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Polyphenols to Support the Gut-Brain Axis

polyphenols and brain health

The relationship between diet, micronutrient status, and the gut-brain axis has been a topic of interest in recent research. The gut-brain axis is a biochemical signalling pathway connecting the gastrointestinal (GI) microbiome and specific aspects of brain function and mood. 

It is believed to influence cognitive function and mood through mechanisms related to the immune system, inflammation modulation, and cellular metabolism.  

What are Polyphenols?

Polyphenols are bioactive compounds found in fruits, vegetables, seeds, coffee, and cocoa, and they have been shown to support brain function and the gut-brain axis. Additionally, they support the body’s response to oxidative stress and inflammation. Polyphenols have been shown to help cerebrovascular flow, neuronal signalling, and neurogenesis.

What does the research say?

Research indicates that polyphenols may support a healthy gut microbiome. An estimated 90% of dietary polyphenols are not digested in the small intestine and may therefore influence the microbiota in the colon. 

They have been shown to support healthy populations of certain beneficial bacteria, such as Bifidobacterium and Lactobacillus. Certain polyphenols (such as resveratrol) have also been shown to help support healthy levels of inflammatory cytokines and may help improve microbial dysbiosis. 

Emerging animal data; SCFA and neuronal health

Animal studies have also indicated that certain polyphenols may influence the population of short-chain fatty acid (SCFA)-producing bacteria. SCFAs have been shown to benefit neuronal health in many ways, including their ability to help modulate nervous system signalling and serotonin release.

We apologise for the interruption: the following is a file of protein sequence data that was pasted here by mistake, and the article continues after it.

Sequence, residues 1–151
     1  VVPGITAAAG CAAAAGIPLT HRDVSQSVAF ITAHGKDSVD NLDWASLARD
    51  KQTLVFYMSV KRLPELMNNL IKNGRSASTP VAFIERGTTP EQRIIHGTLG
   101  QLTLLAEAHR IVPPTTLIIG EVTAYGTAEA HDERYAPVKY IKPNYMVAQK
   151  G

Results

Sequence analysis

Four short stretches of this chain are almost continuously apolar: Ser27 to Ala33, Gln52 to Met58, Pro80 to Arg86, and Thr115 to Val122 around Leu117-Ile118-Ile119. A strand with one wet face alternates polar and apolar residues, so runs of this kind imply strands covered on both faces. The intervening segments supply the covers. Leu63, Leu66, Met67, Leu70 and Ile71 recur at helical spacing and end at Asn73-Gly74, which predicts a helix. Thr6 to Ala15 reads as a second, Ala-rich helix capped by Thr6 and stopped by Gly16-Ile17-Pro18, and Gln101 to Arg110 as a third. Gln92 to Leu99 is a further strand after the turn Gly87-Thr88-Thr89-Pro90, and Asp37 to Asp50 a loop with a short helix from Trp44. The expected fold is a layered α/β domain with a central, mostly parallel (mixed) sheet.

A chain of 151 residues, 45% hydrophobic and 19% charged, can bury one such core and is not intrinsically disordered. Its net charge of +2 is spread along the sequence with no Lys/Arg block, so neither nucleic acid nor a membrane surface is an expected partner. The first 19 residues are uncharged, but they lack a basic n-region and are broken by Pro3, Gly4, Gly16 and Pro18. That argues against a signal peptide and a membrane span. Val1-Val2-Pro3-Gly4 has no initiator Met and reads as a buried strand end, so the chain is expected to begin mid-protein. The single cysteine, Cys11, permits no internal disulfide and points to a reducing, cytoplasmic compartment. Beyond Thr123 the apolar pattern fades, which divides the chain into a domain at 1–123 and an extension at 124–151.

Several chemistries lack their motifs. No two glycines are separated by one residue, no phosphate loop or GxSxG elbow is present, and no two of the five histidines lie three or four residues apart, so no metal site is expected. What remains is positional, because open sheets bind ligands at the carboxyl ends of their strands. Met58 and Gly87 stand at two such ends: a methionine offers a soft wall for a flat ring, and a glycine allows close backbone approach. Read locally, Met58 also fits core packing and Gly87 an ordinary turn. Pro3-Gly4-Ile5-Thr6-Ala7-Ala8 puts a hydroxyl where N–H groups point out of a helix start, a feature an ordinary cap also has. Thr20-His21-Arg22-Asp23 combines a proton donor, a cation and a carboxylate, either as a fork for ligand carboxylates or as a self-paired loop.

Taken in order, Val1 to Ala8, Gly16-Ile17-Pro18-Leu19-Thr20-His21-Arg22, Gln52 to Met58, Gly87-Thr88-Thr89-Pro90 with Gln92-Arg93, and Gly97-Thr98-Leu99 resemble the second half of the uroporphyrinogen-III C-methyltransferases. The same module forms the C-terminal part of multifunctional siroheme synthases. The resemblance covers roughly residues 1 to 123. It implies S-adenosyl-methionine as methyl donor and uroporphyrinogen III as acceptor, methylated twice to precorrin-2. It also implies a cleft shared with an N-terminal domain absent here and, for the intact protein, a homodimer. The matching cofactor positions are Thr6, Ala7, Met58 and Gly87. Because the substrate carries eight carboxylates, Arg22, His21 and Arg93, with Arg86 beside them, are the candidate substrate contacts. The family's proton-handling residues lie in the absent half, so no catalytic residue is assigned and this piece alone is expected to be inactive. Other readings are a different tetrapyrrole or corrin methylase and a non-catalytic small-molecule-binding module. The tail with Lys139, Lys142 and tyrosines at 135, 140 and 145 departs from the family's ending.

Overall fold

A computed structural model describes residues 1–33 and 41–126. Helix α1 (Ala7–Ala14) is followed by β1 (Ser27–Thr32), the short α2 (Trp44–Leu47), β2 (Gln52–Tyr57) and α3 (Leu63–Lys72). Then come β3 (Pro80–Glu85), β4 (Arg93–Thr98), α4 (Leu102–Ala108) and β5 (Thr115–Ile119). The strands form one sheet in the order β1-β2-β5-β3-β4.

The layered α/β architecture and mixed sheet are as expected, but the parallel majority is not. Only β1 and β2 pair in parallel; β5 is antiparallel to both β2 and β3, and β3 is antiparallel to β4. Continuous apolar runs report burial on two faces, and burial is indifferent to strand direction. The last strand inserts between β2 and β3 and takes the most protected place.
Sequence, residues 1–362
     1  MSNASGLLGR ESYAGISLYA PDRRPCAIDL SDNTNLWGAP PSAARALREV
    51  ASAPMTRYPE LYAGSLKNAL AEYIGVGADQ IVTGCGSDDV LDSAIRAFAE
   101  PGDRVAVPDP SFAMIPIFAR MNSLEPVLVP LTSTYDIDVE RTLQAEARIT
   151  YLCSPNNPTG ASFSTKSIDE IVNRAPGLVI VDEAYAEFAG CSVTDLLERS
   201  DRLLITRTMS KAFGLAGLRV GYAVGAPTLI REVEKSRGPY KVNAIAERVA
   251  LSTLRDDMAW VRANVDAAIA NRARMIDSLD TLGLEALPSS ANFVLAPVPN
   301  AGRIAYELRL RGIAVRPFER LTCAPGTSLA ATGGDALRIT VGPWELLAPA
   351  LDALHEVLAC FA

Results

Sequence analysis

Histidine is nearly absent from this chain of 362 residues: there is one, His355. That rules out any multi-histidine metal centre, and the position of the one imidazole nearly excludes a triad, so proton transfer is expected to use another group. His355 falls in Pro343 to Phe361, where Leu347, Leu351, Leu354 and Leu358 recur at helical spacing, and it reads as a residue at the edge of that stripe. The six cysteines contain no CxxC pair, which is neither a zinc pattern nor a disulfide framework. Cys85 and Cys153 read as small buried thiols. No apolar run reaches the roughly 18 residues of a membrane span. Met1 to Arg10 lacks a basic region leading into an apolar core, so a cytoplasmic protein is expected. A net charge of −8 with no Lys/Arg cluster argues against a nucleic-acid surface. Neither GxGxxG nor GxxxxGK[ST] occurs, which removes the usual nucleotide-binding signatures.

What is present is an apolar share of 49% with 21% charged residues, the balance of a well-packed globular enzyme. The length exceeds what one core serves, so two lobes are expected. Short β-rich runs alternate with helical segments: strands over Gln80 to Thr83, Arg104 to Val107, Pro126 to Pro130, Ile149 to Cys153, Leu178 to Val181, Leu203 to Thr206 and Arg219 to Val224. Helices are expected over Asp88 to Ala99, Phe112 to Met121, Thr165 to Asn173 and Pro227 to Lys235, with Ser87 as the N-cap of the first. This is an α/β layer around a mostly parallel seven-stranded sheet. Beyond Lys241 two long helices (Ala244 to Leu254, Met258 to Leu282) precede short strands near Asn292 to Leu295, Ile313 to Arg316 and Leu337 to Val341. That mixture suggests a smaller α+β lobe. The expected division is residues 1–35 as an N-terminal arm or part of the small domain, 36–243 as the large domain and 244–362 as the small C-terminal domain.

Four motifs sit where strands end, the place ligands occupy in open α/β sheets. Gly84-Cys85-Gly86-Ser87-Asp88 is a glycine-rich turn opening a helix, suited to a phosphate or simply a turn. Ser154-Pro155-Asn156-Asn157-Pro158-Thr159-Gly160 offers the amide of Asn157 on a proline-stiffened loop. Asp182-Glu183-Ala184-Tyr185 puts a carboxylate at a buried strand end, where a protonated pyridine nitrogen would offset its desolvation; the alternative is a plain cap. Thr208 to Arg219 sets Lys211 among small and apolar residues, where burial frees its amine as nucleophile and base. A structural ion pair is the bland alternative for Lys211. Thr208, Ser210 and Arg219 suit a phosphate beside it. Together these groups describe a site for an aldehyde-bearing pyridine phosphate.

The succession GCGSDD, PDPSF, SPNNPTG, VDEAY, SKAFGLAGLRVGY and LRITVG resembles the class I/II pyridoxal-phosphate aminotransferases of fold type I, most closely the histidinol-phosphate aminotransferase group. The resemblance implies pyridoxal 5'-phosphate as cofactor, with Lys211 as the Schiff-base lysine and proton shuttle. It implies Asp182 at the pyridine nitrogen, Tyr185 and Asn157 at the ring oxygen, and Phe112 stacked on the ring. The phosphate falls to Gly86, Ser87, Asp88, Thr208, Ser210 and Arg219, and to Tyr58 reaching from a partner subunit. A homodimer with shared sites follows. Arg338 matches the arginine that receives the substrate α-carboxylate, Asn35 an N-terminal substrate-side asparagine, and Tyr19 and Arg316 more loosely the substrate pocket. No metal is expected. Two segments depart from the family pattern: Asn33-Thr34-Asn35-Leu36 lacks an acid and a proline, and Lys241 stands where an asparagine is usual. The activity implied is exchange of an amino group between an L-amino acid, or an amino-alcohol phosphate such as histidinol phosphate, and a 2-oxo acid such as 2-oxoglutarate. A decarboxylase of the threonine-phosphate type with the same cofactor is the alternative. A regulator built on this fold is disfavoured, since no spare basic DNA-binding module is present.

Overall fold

A recent review by Horn and colleagues published in Translational Psychiatry explored the interplay between diet, the gut microbiome, and the pathophysiology of some mental disorders. 

Grape and blueberry and cognitive decline 

An animal study investigated the effect of polyphenol-rich extracts from grape and blueberry (PEGB) on cognitive decline and neuronal function in aged mice. Adult mice were fed PEGB-rich diets for 14 weeks. The improved survival rate, memory, learning, and nerve generation were observed.  

Horn and colleagues describe studies on cognitive decline and polyphenol use in clinical trials. One randomized, parallel-group clinical trial involving more than 400 healthy participants explored the impact of a Mediterranean diet supplemented with mixed nuts or extra virgin olive oil on cognitive decline. 

The study lasted for greater than five years and concluded that Mediterranean diets supplemented with olive oil or nuts might help support the prevention of age-related cognitive decline.  

Age-related cognitive decline has been associated with neuroinflammation and oxidative stress. Diets rich in polyphenols may support a healthy GI microbiome. They may also support neuronal health, cognitive health, and healthy aging. 

By Colleen Ambrose, ND, MAT